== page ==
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Today, that’s video. Here are some sources for how-to information to help get your small business known



The pen may be mightier than the sword, but the camera is mightier than both. As Canada’s Internet users increasingly flock to online video content, small businesses have an opportunity to impress them.

A global survey of 5,000 consumers by content delivery network Limelight Networks found that the time spent watching online video per week had jumped 57 per cent from 4.28 to 6.75 hours in the past two years. Consumers watch videos mostly at home, on smartphones or computers, making them prime targets for video content that can help small businesses build a relationship with them.

Even the smallest businesses can now afford to produce online video on a shoestring, using a smartphone, a tripod, moderately priced microphones and a basic lighting kit. You can edit the video smoothly using a low-budget package like Adobe Premiere Elements 2018, or Apple’s free iMovie program, and you can source audio relatively cheaply from copyright-free libraries like AudioJungleAudio Network or Bedtracks.

What to say

While small businesses can stage a video marketing campaign without breaking the bank, but there’s one thing they can’t easily buy: a message. The most important thing is to figure out what to say, and how.

The first piece of advice is to keep it short. Online video marketing company Vidyard analyzed more than 250,000 videos from the 600 businesses using its platform. Its results showed that 59 per cent of people finished videos that lasted 90 seconds or less. That dropped to 36 per cent for a five-to-10 minute video, and to 14 per cent for videos longer than 30 minutes. This means that you should also put the most vibrant, engaging content up front to keep the Internet’s increasingly distracted denizens interested.

Small businesses can tackle a variety of topics in their videos, but according to Vidyard’s numbers, the most popular kind were product videos, demos and explainer videos.

Explainer videos, which often use animation to communicate a product’s or service’s unique sales proposition, have flourished in the past few years and they’re deceptively easy to produce these days. Services like PowtoonVyond and RawShorts are three options among many. For small businesses with online services or software, screencasts can help demonstrate your product. Wistia’s Soapbox is a simple way to capture your screen and your webcam at once.

Product demos are just one way to wow your audience. Other topics include educational videos that help users with quick, practical pieces of information but also open the door to building a longer-term relationship. If you’re selling custom sheds, for example, a video series of shed design tips can get potential customers excited enough to call your number.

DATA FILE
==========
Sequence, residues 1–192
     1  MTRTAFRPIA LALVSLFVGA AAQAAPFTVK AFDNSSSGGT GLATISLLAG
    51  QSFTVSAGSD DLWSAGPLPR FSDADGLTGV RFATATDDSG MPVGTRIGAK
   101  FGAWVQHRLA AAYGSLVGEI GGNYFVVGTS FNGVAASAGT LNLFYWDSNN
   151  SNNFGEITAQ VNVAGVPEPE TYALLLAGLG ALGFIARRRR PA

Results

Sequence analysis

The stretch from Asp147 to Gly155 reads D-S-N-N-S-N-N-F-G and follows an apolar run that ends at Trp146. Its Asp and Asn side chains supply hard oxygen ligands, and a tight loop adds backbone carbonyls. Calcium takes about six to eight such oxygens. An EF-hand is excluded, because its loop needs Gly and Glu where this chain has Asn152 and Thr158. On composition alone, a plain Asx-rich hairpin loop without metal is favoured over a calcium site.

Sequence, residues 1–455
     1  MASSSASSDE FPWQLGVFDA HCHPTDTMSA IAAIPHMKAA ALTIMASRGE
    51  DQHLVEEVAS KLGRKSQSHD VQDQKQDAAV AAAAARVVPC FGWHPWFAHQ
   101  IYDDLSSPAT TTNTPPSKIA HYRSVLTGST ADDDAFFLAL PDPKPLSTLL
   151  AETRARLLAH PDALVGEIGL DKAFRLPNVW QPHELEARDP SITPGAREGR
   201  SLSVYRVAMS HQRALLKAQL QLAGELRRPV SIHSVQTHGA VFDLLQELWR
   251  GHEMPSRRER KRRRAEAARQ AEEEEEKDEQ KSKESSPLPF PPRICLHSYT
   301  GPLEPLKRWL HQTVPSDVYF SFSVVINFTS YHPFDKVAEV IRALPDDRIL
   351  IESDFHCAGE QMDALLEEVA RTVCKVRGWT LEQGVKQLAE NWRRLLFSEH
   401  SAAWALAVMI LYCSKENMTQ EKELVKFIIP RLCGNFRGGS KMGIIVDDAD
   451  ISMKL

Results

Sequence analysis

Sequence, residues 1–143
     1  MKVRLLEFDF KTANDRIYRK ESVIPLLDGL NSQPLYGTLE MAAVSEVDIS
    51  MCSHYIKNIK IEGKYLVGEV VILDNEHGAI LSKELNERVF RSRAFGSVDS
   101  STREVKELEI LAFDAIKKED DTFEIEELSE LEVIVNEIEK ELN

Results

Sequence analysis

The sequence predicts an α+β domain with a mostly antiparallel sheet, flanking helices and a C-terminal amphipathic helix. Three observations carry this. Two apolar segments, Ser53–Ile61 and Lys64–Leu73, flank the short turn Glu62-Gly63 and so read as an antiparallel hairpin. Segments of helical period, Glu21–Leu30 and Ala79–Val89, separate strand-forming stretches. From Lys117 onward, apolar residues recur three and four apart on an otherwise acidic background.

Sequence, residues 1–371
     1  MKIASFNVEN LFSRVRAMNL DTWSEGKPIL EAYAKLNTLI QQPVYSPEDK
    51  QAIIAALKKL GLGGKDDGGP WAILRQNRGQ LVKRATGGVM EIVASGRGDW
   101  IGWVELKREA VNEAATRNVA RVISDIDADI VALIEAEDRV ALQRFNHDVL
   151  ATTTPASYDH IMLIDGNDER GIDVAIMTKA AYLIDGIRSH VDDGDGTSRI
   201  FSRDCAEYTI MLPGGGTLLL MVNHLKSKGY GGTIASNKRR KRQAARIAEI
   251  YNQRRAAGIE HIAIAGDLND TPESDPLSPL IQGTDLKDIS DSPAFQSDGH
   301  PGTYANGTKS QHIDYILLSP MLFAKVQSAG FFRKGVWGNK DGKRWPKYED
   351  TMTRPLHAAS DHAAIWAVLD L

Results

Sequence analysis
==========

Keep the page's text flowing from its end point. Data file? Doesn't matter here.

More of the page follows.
The flipside of educational is experiential. Showing customers the inside of your company is a good way to build a rapport while entertaining them at the same time. If you have a product that lends itself well to a “making of” video, ranging from food to fashion goods, customers will appreciate an inside look. Who doesn’t want to see a time lapse video of your top baker icing a cake? If you’re a services-based outfit, give customers a personal feel for the staff they’ll be dealing with.

Where to say it

After putting together your marketing campaign, you’ll need a place to put the content. Be sure to use the promotional features of whichever platform you use. For example, filling out the search keywords you want to rank for in Youtube’s submission forms will help your video rise to the top. Creating playlists of your videos will encourage more viewing, and YouTube “end cards” — end screens that contain links to follow — are a great promotional tool. These are great places to put your call to action (CTA, in marketing lingo), encouraging viewers to take the next step and visit your product page or sign up to your newsletter.

Include a ‘call to action’ so your viewers will take the next step and engage with your company

Embed your video in other areas that make sense for your business. One place is landing pages — those subpages on your web site that you put in online ads promoting a particular product or service. Vidyard’s report found that the number of businesses using video on landing pages jumped from 49 per cent last year to 60 per cent this year. Other useful distribution channels include email newsletters (embed thumbnails of your video in your emails to entice people to click).

Social media will also be a big part of your video distribution. This extends beyond Facebook’s video advertising or posts to Twitter and Facebook-owned Instagram. Use platform-specific features like Instagram’s Stories function, which lets you post streams of videos and photos that disappear within 24 hours.

Who saw it?

Finally, close the circle by analyzing who saw your video and how. FacebookYouTubeInstagramVimeo and others offer analytics tools that can tell you how your videos are performing. As you get more advanced, you can play with such tools as unique links from your videos that will enable you to tell which videos prompted viewers to visit your web site.

For small businesses with a camera and something to say, online video represents a golden opportunity. After all, if a picture is worth a thousand words, then how much is a video worth at 30 frames a second?